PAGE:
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when I went out of the house the girl from next door looked at me some way strange, and then she told me two boys were drowned, and then she told me one of them was my own. Held down, they said he was, by something underneath. They had him followed there.

It wasn't long after he died I woke one night, and I felt some one near, and I struck the light, and there I saw his shadow. He was wearing his little cap, but under it I knew his face and the colour of his hair. And he never spoke, and he was going out the door and I called to him and said, “O Martin, come back to me, and I'll always be watching for you !” And every night after that I'd hear things thrown about the house outside, and noises. So I got afraid to stop in it, and I went to live in another house, and I told the priest I knew Martin was not dead, but that he was still living.

‘And about eight weeks after Catherine dying I had what I thought was a dream. I thought I dreamt that I saw her sweeping out the floor of the room. And I said, “ Catherine, why are you sweeping ? Sure you know I sweep the floor clean and the hearth every night.” And I said, “Tell me where are you now?” and she said, “I'm in the forth beyond.” And she said, "I have a great deal of things to tell you, but I must look out and see are they watching me.” Now, wasn't that very sharp for a dream ? And she went to look out the door, but she never came back again.

And in the morning, when I told it to a few respectable people they said, “Take care but it might have been no dream but herself that came back and talked to you.” And I think it was, and that she came back to see me and to keep the place well swept.

'Sure we know there were some in the forth in the old times, for my aunt's husband was brought away into it, and why wouldn't they be there now? He was sent back out of it again, a girl led him back and told him he was brought away because he answered to the first call, and that he had a right only to answer to the third. But he didn't want to come home. He said he saw more people in it than he ever saw at a hurling, and that he'd ask no better place than it in high heaven.'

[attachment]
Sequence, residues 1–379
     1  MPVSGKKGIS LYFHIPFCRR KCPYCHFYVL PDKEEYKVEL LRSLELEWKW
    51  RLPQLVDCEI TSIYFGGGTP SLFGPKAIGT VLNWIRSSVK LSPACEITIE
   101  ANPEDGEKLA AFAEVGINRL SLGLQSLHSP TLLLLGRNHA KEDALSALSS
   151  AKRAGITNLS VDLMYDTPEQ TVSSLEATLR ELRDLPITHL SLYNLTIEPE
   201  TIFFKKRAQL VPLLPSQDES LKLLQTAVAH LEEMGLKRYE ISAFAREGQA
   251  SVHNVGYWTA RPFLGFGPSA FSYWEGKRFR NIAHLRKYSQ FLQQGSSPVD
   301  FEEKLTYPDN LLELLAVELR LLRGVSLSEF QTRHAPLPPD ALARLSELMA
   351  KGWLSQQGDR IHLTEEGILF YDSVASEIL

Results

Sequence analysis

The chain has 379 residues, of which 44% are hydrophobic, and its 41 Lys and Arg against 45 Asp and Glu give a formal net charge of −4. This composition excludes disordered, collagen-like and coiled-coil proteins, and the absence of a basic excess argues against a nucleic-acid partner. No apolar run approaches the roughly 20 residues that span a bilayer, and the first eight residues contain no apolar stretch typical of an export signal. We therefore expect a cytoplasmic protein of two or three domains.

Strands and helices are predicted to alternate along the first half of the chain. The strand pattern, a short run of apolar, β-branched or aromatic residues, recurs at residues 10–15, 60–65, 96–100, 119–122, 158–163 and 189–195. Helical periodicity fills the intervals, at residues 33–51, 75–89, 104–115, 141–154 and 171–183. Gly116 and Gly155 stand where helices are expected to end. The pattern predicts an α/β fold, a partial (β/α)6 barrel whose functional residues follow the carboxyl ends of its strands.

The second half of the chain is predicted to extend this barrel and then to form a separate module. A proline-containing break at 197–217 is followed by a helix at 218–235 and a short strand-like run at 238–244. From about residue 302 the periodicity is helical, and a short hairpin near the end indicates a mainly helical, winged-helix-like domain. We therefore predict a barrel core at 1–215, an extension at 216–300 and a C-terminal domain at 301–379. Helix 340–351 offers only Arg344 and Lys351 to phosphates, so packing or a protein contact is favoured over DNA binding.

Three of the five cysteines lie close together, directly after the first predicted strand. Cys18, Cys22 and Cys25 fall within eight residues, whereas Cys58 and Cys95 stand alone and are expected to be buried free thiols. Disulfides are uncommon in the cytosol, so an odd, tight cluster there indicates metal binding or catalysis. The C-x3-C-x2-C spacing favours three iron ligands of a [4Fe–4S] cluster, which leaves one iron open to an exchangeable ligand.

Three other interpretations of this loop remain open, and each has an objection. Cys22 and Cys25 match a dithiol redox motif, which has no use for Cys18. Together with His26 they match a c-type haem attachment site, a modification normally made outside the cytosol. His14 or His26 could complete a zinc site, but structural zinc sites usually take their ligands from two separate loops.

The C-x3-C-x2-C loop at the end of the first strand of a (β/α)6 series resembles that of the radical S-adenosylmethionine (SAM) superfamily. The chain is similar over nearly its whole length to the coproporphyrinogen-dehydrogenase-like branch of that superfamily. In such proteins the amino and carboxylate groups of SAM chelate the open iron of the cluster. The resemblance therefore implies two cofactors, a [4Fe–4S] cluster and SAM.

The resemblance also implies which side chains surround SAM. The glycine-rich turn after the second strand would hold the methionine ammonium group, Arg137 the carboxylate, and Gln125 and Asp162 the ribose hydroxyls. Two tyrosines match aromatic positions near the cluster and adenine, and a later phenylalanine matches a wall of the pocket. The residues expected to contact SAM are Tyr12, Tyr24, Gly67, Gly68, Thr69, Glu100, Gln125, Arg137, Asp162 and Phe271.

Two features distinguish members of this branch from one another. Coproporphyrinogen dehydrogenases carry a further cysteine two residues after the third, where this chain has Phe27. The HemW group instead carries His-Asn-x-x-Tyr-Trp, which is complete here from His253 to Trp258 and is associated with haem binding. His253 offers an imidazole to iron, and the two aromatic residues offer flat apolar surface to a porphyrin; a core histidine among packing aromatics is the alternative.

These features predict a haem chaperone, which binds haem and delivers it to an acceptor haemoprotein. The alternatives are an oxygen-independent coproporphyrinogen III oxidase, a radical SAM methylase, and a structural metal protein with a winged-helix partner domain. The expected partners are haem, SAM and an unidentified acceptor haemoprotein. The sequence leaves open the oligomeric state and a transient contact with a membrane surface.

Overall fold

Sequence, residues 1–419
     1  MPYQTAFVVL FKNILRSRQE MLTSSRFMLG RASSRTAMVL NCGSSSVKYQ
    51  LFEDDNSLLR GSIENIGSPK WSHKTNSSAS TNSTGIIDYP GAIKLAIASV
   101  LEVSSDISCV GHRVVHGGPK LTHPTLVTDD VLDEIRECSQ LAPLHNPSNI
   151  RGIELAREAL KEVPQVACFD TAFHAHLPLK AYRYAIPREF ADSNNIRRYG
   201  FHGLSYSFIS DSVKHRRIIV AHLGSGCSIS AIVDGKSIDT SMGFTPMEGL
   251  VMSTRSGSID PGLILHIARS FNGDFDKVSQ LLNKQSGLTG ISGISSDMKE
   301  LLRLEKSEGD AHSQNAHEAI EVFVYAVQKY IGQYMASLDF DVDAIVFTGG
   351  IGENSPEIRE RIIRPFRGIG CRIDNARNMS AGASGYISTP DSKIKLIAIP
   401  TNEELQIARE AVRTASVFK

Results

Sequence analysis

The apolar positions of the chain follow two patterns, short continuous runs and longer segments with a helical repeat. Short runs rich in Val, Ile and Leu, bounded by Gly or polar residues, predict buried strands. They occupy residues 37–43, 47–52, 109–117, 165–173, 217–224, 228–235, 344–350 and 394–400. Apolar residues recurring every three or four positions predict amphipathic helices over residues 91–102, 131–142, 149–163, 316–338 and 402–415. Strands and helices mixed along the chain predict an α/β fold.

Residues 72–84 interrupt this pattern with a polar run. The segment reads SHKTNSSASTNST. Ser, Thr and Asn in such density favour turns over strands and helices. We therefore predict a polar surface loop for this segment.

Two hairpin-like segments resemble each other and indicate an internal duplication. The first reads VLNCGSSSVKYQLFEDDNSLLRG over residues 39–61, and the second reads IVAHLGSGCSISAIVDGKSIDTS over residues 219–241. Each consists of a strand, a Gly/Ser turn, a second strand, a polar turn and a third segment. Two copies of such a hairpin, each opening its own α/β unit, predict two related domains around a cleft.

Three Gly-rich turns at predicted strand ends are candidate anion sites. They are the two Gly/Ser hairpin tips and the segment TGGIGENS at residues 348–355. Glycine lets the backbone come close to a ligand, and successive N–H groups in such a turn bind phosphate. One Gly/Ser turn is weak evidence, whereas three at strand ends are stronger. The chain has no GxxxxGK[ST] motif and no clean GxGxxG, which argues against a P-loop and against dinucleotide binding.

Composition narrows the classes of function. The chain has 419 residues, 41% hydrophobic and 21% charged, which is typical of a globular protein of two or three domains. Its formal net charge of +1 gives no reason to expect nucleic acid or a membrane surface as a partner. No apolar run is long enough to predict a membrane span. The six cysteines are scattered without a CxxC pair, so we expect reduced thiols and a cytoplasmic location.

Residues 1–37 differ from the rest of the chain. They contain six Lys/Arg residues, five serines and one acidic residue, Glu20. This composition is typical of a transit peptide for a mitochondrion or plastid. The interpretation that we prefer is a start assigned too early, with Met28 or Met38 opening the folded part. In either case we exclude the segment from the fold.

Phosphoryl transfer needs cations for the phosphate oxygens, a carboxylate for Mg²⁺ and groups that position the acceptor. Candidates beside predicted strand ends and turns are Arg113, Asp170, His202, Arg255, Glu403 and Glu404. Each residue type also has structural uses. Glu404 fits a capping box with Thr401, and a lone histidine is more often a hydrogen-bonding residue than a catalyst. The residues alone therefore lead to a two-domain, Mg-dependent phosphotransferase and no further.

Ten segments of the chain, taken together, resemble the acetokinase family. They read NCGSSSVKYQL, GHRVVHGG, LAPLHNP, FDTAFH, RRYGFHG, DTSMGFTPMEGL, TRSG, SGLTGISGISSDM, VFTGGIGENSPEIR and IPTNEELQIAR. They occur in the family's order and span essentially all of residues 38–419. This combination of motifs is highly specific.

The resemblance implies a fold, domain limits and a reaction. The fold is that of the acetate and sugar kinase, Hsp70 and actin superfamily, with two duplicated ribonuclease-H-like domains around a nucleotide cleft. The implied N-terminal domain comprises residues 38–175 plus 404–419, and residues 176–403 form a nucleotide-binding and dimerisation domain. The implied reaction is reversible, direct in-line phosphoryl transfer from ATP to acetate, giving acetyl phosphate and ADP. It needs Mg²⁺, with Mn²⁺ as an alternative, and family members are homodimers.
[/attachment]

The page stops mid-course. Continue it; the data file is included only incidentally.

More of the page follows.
Mystics believe that sicknesses and the elements do the will of spiritual powers, but Mrs. Joyce had not heard this, and so could only deny that her children had died of consumption or were drowned by the unaided waters. Her aunt's husband was doubtless called by a voice into the fort, and he went at the first call, instead of waiting, as the country people say all should, for the third call, which it seems cannot be called except by the living; and doubtless wandered about there in a dream and a sleep until it seemed in his dream that a girl of the others' led him out of the fort and he awoke. Next to

young

children women after childbirth are held to be in most danger. I hear often of a year in which many were taken out of South Galway. A man about Tillyra said to me: 'It's about four

teen years since so many young women were brought away after their child being born. Peter Regan's wife of Peterswell, and James Jordan's wife of Derreen, and Loughlin's wife of Lissatunna-hundreds were carried off in that year. They didn't bring so many since then; I suppose they brought enough then to last them a good while.' And a man near Gort says: “And it's not many years ago that such a lot of fine women were taken from Gort very sudden after childbirth -fine women. I knew them all myself.'